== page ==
Vision Quest for Tampa FL

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An artist’s rendering depicts Vision Properties’ planned three-story office building to be built in Renaissance Center, an upscale business park in Tampa’s Westshore district. Amid the strengthening market, Vision plans to construct its new building on a speculative basis. COURTESY PHOTO

An artist’s rendering depicts Vision Properties’ planned three-story office building to be built in Renaissance Center, an upscale business park in Tampa’s Westshore district. Amid the strengthening market, Vision plans to construct its new building on a speculative basis. COURTESY PHOTO

BY: KEVIN MCQUAID | COMMERCIAL REAL ESTATE EDITOR

September 30, 2016

When Vision Properties acquired the five-building Renaissance Center in Tampa’s Westshore business district in February, it also revealed plans to construct significant office space.
In announcing plans for a 111,600-square-foot structure, the New Jersey-based investment firm became one of a half dozen Tampa-area landlords eager to capitalize on shrinking vacancy rates and surging demand for office space with ground-up development.

At the time of its $108 million purchase, however, Vision’s plan for a sixth Renaissance building was contingent on significant pre-leasing, which is typical within the industry.

Vision stated that at least 50% of its estimated $25 million building would have to be leased before it would break ground.

But seven months and more than 167,000 square feet of positive, Class A absorption later in Westshore alone, Vision is amending its plan.

It now says it will start work on the new three-story building by the end of the year — on spec — and deliver Renaissance Center VI by January 2018.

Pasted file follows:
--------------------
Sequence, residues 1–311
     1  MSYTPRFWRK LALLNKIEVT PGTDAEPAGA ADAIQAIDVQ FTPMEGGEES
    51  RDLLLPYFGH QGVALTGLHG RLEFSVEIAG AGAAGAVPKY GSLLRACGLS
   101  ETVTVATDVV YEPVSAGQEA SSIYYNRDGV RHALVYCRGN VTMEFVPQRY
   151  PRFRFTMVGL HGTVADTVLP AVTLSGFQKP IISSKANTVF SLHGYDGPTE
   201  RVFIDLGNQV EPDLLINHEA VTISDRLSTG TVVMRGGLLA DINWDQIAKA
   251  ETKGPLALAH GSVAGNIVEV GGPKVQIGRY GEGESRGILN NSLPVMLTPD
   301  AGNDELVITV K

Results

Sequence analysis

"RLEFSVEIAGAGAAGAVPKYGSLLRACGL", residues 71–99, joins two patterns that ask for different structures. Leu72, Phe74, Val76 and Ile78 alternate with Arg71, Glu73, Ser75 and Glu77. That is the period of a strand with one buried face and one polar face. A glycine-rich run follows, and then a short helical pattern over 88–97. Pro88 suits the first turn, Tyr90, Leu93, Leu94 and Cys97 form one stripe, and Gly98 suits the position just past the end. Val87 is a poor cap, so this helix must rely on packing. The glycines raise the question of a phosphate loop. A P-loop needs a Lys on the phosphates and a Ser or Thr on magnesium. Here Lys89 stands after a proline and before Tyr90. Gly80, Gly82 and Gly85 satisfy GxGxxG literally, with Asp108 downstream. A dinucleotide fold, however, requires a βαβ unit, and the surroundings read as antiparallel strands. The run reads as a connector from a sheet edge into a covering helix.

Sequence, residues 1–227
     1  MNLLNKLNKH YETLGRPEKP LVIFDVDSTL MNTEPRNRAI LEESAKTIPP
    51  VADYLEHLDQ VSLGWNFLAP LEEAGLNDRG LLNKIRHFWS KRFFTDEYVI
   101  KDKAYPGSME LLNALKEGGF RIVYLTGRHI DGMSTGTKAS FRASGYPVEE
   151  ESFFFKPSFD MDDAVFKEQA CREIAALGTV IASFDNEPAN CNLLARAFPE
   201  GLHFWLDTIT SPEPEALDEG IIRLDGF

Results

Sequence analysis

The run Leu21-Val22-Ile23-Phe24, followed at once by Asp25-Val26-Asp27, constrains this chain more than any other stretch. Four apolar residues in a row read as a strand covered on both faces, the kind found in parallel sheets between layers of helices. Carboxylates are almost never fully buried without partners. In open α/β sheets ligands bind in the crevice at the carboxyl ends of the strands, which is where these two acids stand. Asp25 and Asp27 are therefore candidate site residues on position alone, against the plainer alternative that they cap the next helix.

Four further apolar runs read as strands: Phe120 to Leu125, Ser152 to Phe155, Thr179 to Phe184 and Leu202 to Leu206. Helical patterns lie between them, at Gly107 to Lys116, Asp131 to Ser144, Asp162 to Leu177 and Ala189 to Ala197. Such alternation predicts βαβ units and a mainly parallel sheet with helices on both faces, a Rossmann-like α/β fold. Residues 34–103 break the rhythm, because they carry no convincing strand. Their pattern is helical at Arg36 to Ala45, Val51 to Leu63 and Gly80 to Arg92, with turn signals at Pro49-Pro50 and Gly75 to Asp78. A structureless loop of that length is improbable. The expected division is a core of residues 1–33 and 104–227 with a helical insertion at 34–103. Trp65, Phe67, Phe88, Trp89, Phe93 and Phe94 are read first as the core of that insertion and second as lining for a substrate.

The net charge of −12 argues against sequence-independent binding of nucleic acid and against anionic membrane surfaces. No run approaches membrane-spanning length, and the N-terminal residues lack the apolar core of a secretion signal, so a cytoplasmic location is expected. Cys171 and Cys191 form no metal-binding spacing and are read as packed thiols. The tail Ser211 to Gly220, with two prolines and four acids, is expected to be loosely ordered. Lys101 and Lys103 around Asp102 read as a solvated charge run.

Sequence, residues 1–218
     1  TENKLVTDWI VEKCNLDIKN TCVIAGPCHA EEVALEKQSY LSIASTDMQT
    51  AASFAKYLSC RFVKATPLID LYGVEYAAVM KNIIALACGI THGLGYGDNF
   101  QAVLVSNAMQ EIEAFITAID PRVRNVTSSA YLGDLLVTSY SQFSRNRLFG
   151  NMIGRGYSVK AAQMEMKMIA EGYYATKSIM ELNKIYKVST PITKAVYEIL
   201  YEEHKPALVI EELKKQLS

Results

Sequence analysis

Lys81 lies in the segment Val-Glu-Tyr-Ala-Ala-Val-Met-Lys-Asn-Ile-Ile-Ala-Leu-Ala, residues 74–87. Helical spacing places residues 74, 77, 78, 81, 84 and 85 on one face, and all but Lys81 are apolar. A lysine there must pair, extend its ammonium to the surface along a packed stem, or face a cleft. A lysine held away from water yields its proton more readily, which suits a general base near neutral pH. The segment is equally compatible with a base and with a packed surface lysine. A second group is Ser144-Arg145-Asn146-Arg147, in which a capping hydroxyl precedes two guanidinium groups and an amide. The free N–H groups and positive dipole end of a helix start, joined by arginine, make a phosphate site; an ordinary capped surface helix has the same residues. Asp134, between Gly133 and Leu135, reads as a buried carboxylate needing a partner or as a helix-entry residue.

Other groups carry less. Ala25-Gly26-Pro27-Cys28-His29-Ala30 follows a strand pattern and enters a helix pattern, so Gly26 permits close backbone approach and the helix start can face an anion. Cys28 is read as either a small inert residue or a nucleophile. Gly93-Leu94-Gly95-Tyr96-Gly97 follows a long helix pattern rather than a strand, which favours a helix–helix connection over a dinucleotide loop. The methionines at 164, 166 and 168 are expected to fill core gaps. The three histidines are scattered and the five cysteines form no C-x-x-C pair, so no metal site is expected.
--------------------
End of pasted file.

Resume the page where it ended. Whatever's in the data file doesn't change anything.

By not waiting for tenants to commit and going spec, Vision is expected to be the first developer out of the ground with new office product in the Tampa area.

When completed, Renaissance Center VI also would be the only Class A building in the Tampa area with an excess of 100,000 square feet of contiguous office space, Vision says.

“We think the timing makes a lot of sense now, given where we are with the existing stock of inventory,” says Will Bertolero, a Vision vice president. “Since there’s not been any construction, the existing stock has gotten older, and at the same time, contiguous blocks of vacancy of 100,000 square feet and above are extremely hard to find.”

To date, competing suburban developers like Dallas-based Tier REIT and Austin Center owner Redstone Properties, to name two, have outlined plans for new offices in reaction to market trends.

In downtown Tampa, meanwhile, Feldman Equities and Tower Realty Partners are preparing to break ground on a 52-story, $200 million skyscraper on the city’s Riverwalk. The pair’s Riverwalk Tower would contain more than 200,000 square feet of Class A space.

Elsewhere downtown, Strategic Property Partners, a joint venture between Tampa Bay Lightning owner Jeff Vinik and Microsoft co-founder Bill Gates’ Cascade Investments, is designing a 500,000-square-foot office tower as part of its $2 billion Channelside redevelopment.